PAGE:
Whether they ply e-commerce in the travel, e-tail or auction sectors, most of the firms reporting strong 2001 earnings had one thing in common: gains in overseas sales that likely can sustain growth well into the future.
Underscoring the importance of worldwide growth, Amazon.com (Nasdaq: AMZN), which saw an 85 percent jump in international sales in the fourth quarter, reorganized its corporate structure late last year to wipe out all distinctions between domestic and overseas operations.
In fact, almost all major e-commerce companies consider a solid and ever-expanding overseas presence a must. International sales increases also were cited by EBay (Nasdaq: EBAY) and AOL in recent earnings reports.
Meanwhile, Priceline (Nasdaq: PCLN) pointed to a product rollout in Hong Kong and a takeover of its European counterpart as upbeat signs for 2002.
“It’s a common theme right now for e-tailers,” Forrester Research analyst James Crawford told the E-Commerce Times.
A Leg Up
With overseas competitors still getting their legs under them, many U.S. companies have been grabbing market share.
“For U.S. customers, there is little incentive to buy from a foreign company. But there is plenty of reason for international customers to seek out our e-tailers, whether they have a presence in their home country or not,” Crawford said.
Depending on the sector in which they operate, e-commerce companies must use different approaches. For some, a local presence is a necessity; for others, it is an option.
But the bottom line is often the same: With rates of Internet adoption and e-commerce expansion starting to flatten in the United States, the type of top-line growth that impresses investors — especially when combined with profits — must be found elsewhere.
One Country at a Time
“We’ve made a commitment to international growth as a key part of our overall strategy,” Allyson Henry, vice president of international product development at Expedia.com (Nasdaq: EXPE), told the E-Commerce Times. In addition to the United States, Expedia operates in Canada, Italy, the United Kingdom, Germany, France and The Netherlands.
“Right now, we’re in Europe because that’s where we’ve seen the adoption of technology,” Henry said. “It’s logical to look to the Asian markets and South America next, and before long you’ll see Expedia there as well.”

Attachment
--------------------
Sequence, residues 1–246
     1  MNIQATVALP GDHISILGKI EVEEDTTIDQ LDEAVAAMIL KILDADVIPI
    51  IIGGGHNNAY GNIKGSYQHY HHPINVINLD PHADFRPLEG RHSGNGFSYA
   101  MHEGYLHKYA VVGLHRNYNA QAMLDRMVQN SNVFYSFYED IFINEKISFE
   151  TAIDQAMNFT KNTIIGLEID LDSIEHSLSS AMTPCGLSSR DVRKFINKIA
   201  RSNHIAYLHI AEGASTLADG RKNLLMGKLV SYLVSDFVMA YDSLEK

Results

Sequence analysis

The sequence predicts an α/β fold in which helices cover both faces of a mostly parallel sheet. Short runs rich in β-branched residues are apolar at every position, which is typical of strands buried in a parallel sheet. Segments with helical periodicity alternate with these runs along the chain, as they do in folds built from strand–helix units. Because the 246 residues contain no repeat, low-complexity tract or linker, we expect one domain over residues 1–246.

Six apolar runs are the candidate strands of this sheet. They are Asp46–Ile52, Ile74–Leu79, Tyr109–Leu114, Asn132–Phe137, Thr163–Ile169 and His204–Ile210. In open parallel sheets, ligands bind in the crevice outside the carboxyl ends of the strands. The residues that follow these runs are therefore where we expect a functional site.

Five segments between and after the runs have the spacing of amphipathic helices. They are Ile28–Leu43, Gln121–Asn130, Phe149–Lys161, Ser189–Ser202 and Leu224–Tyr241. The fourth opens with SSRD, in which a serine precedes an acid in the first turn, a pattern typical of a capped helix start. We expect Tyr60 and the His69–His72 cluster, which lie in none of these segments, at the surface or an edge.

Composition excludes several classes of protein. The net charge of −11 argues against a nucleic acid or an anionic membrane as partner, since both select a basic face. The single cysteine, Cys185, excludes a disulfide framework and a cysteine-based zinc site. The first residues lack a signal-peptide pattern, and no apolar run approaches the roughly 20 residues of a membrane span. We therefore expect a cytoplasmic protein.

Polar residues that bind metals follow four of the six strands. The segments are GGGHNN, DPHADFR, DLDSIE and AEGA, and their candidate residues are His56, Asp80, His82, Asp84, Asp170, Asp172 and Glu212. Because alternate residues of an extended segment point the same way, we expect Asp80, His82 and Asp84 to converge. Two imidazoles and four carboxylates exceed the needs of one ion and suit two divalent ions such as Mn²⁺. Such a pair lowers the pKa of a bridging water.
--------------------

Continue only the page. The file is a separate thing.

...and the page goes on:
In fact, experts said the rate of technology adoption bodes well for a long run of solid sales growth for companies that can enter far-flung markets and deal with the challenges of language and currency translation.
For Expedia, each new overseas expansion has meant building a team that could cement relationships with local suppliers and help steer the company in the right direction, Henry said. After adding in expenses for technology and other necessary adaptations, entering even a single overseas market requires a major investment.
“The tricky thing is you don’t want to be there too early,” Henry added. “We’re constantly checking the thermometer to decide if a country is ready.”
Europe, in particular, has provided many U.S. e-commerce firms with much-needed sales and profit boosts. Amazon said its UK and German operations are already in the black.
But major changes are on the horizon for that continent. Dhruv Grewal, the Toyota professor of e-commerce at Babson College in Wellesley, Massachusetts, told the E-Commerce Times that the advent of the euro and the lowering of trade barriers will help European firms.
“What’s driving European consumers to buy from companies based in the U.S. may not be as prevalent,” Grewal said.
In addition, Grewal said, companies that already are turning overseas for a growth boost are overlooking an enormous opportunity that remains — here at home.
“These companies may see a chance to be first into a market again, but in reality, they’re still capturing only a tiny fraction of the available market in their home countries,” Grewal said. “The problem is that it’s easier to pick up sales by entering a new market than it is to wrestle market share away from competitors or traditional retailers.”
In fact, companies that expand too quickly overseas run the risk of spreading themselves too thin.
“There are some operations that can be leveraged internationally, but each step into a new country requires more investment and might detract focus from the main business goals — or what they should be,” Grewal said.